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How Sniper Elite 4 will get “lots of specialist PC love”


Sniper Elite 4, like its predecessors, is coming to PC and after a few years of making multi-platform games Rebellion know they can give it extras on PC with ease. Be this due to an easier patching process and simpler release schedule or because of the nature of the platform, it means extra stuff for us.

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“I play most of my games on PC and I love my mouse and keyboard,” says studio CEO Jason Kingsley. “So I am always trying to make sure mouse and keyboard is represented and supported on PC because quite a few PC games have come out now where I don’t think they’ve been tested very much on mouse and keyboard. I think there are bits that just don’t work very well. I get quite frustrated about it because flipping heck, mouse and keyboard is really good for shooters, it’s a really good control system.

“We’ve always wanted to allow things to be scalable, so because it’s our own tech and our own engine we can do that. So what normally happens is we keep the PC version alongside the console versions, but because the console versions have a submission and manufacturing procedure which can take two or three months, typically what we do is we move a lot of tech things across to PC after we’ve submitted the console version. So the PC typically gets lots of specialist love once we’ve got the console versions in a box.”

As far as actual benefits go, they’re technical and mechanical. “We always wanted it to be playable on the lowest spec PC as possible, cause the idea is – let’s face it, some people don’t have the money to have the fastest PC in the world, that’s just the way it is. We want them to be able to play our games. If they do get lucky and get an upgraded PC or get a new graphics card, they can turn all the dials up – I’ve always wanted that.

“I’m also very keen on things being switch-offable. So we have our difficulty modes, which are standard, but we will also have a custom mode where if you want super hard AI, but you don’t want to deal with bullet drop you can switch all of it off, or all of it on. You can customise the game as much as you want. I’ve always liked the idea that if someone’s paid us for the game and then they want to cheat their way through it, in a way, I’m okay with that. Might spoil it, I don’t think they should, but that’s my opinion and why should somebody not play the game they want to play?”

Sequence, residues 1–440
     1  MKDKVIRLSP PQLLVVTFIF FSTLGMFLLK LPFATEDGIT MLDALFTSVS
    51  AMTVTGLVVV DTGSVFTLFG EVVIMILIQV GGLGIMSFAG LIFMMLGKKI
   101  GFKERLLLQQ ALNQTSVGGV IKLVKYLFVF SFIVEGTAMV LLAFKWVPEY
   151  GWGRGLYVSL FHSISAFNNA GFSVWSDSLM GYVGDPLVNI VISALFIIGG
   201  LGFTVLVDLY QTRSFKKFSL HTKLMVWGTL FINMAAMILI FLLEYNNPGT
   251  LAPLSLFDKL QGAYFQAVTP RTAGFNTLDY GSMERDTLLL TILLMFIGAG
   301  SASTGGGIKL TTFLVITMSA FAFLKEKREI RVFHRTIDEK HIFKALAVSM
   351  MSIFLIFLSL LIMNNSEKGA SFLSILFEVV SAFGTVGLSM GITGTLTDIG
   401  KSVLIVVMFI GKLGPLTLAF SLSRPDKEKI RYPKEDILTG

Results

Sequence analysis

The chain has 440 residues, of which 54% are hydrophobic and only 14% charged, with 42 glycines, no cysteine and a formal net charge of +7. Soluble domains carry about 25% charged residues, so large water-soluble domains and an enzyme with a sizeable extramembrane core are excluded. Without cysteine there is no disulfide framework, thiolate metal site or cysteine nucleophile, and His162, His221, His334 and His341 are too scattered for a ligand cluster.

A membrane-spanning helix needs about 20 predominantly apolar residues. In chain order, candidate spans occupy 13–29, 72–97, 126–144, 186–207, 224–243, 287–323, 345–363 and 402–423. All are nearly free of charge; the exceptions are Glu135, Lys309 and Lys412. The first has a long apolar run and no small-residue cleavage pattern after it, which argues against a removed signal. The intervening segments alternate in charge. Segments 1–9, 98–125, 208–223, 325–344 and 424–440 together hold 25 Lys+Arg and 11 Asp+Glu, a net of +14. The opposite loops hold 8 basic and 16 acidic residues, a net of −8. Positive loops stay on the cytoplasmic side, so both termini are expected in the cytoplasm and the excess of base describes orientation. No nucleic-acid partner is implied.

But why not have that option on all versions? “So the idea of having a customisable difficulty level I think is really important, and we should probably do it on console, but the players there are, in my experience, much less comfortable in tinkering with setups in that kind of way,” explains Kingsley. “PC players tend to be a bit more techy and hardcore.”

As for after the game is out, Kingsley says that they “can do as many patches as we like, obviously. We can just go oop, we found a bug in multiplayer if you’re playing across the Atlantic because of lag, we can just patch it immediately, there’s no cost involved we can just update.” None of the fuss that comes attached with Microsoft and Sony’s checking periods.

Sniper Elite 4’s release date is now early 2017 after a delay thanks to Rebellion’s other title, Battlezone, taking up the end of 2016 slot.